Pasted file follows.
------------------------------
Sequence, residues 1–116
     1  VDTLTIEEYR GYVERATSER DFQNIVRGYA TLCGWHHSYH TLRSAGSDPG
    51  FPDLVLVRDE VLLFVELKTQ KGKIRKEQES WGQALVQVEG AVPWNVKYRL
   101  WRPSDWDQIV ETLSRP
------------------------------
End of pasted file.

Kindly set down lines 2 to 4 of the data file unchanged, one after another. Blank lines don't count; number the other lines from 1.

     1  VDTLTIEEYR GYVERATSER DFQNIVRGYA TLCGWHHSYH TLRSAGSDPG
    51  FPDLVLVRDE VLLFVELKTQ KGKIRKEQES WGQALVQVEG AVPWNVKYRL
   101  WRPSDWDQIV ETLSRP